We were measuring it wrong

Two reports this week letting us know that we should be measuring something better when it comes to earth system science in the tropics:

– We often aren’t surveying large enough areas to figure out how trees in the Amazon respond to and recover from big disturbances like storms and droughts.  If you do a landscape-level survey using a combo of field work and remote sensing, like these guys did (Chambers et al., 2013), you might find 9-17% more tree mortality than we would otherwise expect.

– We should have also been looking at the Indonesian peatland carbon getting exported in streams (Moore et al., 2013). This study shows that accounting for carbon that’s no longer locked up in peatland soils and is now being lost to the stream system could increase the total GHG emissions post-land use/land cover change from peatlands by more than 20%. Plus, that carbon being lost is crazy “ancient” and implies an inherent instability in the peatland carbon dynamics post-deforestation.  Bad news bears.

And the slow steady march of getting progressively better at answering questions (and at deciding which questions to ask) continues…

2013-02-03 10.31.29

Anta (tapir) sez: science!!!

Make graphs to answer questions: a great example of what ecologists do

So, reeeeaaaalllly big picture, what researchers do: ask questions, and then try to answer them. This week, one puzzle I was trying to solve was a great example of one tiny part of that process.

I’m here in Brazil in large part to measure nitrous oxide emissions, hoping to answer the question: how does land use affect the emissions regime and nitrogen cycle disruption of tropical soil? (Some more info here.)

To answer that question, I’m in charge of figuring out a protocol for how I’m going to measure nitrous oxide (N2O), when I’m going to measure it, how I’m going to process the data, eventually interpreting what the data tells me, and writing up the results. That, and several other projects, and I am hopefully deserving of a doctorate of philosophy (hey-o!).

N2O emissions are influenced by temperature, soil moisture, and the amount of available soil nitrogen, among other factors. When I’m designing an experimental protocol (i.e. when I’m going to sample and how), it’s bad news bears to vary many of those factors at once.

Last week, I turned to Paul and asked him the question, “so, do you think sampling in the morning is legit?” (Researchers: we’re less intense than you would think.) This post is about the quest to answer that question.

What might vary between the morning and afternoon that doesn’t vary day to day? Temperature. OK, how much does temperature vary throughout the day? And does “morning” (ehhhh, so imprecise!) do an ok job of estimating the average daily temperature?

We can answer that!

Check it out! Some data!


I mentioned last week that Paul and I put a thermocouple out into the forest and soy fields with the goal of taking some daily temperature data.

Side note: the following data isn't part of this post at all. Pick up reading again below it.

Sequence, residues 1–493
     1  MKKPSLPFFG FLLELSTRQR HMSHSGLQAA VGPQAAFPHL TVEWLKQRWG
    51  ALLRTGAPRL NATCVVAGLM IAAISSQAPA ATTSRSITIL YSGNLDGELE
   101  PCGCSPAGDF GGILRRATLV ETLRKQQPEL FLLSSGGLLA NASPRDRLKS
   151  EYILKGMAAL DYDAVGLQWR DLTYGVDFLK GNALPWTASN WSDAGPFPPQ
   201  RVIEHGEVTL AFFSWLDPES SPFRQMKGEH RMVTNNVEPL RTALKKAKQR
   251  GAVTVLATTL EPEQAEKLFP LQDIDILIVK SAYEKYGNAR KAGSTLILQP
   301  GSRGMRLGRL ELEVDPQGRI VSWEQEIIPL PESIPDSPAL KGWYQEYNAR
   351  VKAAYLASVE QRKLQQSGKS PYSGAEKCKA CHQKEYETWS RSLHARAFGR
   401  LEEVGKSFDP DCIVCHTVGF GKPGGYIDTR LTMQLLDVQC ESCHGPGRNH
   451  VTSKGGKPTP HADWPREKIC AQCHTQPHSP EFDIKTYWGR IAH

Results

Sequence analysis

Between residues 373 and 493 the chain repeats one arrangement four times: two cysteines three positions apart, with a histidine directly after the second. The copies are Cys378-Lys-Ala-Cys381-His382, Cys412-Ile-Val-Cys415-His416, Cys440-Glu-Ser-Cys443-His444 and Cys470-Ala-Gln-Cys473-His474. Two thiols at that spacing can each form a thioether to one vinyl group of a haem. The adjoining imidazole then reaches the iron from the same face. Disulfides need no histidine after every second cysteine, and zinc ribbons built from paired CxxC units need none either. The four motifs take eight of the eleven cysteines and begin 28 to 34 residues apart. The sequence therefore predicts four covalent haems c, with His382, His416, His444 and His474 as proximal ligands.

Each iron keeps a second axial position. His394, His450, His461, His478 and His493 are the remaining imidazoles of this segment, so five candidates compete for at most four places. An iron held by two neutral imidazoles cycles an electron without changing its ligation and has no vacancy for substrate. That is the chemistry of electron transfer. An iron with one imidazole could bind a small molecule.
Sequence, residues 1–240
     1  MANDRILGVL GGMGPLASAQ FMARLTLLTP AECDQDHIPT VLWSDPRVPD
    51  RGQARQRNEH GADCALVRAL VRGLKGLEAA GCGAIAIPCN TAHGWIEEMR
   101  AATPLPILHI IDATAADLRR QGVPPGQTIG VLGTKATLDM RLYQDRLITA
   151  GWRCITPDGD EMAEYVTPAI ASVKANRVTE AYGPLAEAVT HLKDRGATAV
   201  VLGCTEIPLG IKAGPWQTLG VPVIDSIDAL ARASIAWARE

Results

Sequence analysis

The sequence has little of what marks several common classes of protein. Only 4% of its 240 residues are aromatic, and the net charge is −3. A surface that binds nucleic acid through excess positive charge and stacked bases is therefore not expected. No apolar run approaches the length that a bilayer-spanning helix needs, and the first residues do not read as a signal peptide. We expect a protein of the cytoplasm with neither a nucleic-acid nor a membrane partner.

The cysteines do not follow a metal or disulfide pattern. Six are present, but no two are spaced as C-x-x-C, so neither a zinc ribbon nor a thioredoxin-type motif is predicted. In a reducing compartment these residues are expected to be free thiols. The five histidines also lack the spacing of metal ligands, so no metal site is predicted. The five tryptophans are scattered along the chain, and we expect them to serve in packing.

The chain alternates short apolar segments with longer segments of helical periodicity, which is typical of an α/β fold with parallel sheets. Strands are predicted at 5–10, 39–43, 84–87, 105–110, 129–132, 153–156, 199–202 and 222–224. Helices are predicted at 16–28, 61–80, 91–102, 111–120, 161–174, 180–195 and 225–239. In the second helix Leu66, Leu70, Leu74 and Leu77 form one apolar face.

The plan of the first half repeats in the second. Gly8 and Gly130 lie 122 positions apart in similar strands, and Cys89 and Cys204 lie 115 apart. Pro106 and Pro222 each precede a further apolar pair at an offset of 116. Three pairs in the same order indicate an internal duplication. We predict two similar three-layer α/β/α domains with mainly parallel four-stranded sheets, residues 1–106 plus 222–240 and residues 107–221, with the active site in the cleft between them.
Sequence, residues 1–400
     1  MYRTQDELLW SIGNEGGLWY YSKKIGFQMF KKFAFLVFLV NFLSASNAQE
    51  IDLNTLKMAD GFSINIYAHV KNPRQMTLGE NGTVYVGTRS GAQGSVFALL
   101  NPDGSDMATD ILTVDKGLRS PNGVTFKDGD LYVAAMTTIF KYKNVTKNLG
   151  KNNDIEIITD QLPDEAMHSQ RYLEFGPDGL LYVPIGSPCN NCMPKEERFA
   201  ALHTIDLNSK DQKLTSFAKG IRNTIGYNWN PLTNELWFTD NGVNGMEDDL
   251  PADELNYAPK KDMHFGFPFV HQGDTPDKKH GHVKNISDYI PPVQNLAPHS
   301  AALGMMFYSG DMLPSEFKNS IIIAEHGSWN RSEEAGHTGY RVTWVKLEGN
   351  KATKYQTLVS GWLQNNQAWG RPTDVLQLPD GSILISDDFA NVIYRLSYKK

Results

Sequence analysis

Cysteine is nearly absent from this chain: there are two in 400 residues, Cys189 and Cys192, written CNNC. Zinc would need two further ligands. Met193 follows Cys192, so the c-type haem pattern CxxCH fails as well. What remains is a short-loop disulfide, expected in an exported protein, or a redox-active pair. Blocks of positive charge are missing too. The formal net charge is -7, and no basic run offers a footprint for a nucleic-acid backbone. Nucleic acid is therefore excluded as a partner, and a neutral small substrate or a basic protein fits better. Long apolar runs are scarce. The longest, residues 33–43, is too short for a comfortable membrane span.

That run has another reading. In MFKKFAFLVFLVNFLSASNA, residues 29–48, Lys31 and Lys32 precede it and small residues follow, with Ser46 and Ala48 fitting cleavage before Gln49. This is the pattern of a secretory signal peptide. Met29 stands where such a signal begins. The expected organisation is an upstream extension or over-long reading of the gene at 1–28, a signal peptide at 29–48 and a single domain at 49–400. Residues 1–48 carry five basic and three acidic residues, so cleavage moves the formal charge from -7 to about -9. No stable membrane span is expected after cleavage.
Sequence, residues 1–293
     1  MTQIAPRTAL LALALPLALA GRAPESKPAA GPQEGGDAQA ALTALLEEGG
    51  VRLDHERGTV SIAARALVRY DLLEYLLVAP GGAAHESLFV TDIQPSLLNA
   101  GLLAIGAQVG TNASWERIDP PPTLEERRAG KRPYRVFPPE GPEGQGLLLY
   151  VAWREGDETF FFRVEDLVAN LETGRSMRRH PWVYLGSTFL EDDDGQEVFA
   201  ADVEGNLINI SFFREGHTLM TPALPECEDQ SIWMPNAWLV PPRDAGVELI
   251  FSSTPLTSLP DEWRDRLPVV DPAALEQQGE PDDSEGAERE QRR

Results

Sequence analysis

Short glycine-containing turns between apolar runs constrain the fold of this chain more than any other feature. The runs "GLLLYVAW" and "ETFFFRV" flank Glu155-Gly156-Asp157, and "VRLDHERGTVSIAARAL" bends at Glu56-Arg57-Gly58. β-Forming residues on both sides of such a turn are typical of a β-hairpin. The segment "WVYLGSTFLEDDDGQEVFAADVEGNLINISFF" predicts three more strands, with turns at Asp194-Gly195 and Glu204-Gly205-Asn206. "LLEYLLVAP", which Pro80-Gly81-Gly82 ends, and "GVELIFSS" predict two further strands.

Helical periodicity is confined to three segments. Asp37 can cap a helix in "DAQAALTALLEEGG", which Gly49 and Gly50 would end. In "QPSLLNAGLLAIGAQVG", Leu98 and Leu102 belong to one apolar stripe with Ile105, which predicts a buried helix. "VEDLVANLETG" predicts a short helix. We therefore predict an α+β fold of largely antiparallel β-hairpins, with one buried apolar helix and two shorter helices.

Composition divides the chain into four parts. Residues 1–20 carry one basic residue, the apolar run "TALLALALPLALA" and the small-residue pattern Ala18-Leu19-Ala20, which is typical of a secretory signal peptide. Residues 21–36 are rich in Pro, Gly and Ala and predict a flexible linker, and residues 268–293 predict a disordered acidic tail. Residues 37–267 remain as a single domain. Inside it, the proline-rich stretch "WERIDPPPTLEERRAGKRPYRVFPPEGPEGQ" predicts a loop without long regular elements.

The graph above is the variation in temp in a soy field and in a shady forest over the course of several days, one of which was wicked rainy and one of which was wicked sunny. Let’s make the assumption that a rainy day and a sunny day can pretty much represents the rainy season here – not totally unreasonable.

I graphed the data (woot!) and calculated the daily mean soil temp in the two land uses (see the text just below the legend on the graph). You can see that the soy soil is, on average, warmer than the forest soil. No surprise there; it’s shady in the forest, and there’s leaf litter on the ground to help moderate temperature. (Side point that’s really cool – the soy soil also has much wider swings than the forest soil.)

Then I calculated the standard deviation of the daily temps in the two land uses, and the grey lines represent all the temps that fall BOTH within one standard deviation around the forest mean soil temp AND one standard deviation around the soybean mean soil temp. Where the graph falls between those lines, we’re within one standard deviation of the average daily soil temp of either soil – meaning we’re in the magical land of “representative daily temperature” for either land use. Meaning we’re good to go if I sample then. Huzzah!

What times of day are between the grey lines? Roughly, the morning hours (more specifically, between around 630 and 1130 am).

So, Paul, “do you think sampling in the morning is legit?” Answer: yes! Proceed, young grasshopper!

Answering that simple question took me a week: learning to use the thermocouple, setting the thermocouple up in the field, waiting a few days, removing the thermocouple from the field, downloading the data, putting the data in a graph and figuring out how to determine if the morning was ok, and, you know, deciding what colors to make the graph (fun!).

But…. problem solved! I won’t inadvertently mess up this project by sampling across a wide temperature gradient!


In conclusion: that’s what I do for a living, and get to put “tropical ecosystem ecologist” on my business card. Sweet deal! :)